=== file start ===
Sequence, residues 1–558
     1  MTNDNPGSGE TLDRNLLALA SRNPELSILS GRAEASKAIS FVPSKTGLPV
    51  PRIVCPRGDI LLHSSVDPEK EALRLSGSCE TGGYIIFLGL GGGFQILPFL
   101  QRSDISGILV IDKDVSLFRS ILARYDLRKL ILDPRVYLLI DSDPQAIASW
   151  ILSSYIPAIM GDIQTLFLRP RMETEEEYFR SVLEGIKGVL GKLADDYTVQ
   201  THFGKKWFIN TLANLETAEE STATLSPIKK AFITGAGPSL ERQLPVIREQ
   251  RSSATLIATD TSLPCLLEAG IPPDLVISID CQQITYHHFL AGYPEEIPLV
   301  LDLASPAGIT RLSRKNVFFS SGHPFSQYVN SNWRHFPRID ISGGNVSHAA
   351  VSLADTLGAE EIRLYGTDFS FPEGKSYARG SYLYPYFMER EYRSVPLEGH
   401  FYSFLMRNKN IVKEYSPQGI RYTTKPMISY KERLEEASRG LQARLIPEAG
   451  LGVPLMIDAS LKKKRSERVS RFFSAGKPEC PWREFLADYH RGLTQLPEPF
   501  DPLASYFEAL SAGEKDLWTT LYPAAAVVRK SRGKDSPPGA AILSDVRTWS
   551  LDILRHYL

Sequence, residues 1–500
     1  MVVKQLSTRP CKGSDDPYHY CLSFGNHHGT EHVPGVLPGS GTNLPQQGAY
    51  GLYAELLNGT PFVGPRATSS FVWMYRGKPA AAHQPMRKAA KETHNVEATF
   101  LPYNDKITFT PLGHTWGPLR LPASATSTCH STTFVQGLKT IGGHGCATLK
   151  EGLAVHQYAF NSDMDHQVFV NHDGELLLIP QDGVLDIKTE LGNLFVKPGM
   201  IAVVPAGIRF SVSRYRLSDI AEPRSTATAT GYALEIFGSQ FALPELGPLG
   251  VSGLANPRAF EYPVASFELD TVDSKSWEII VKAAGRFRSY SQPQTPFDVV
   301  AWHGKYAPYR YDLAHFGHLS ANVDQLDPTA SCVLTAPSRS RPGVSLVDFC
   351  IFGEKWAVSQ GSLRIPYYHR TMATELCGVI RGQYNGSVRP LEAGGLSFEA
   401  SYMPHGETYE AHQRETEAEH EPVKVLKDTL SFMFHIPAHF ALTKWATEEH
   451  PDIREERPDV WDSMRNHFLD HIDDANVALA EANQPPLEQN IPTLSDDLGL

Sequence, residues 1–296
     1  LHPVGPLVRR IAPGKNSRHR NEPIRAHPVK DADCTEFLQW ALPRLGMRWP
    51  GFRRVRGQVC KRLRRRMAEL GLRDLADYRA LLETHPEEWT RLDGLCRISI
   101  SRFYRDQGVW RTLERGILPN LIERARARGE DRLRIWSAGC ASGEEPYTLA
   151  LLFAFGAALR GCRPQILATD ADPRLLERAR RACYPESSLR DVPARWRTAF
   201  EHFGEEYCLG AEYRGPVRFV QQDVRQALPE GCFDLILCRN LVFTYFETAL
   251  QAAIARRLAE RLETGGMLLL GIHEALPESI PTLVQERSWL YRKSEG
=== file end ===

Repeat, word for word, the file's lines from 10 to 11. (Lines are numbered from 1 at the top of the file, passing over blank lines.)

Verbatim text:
   401  FYSFLMRNKN IVKEYSPQGI RYTTKPMISY KERLEEASRG LQARLIPEAG
   451  LGVPLMIDAS LKKKRSERVS RFFSAGKPEC PWREFLADYH RGLTQLPEPF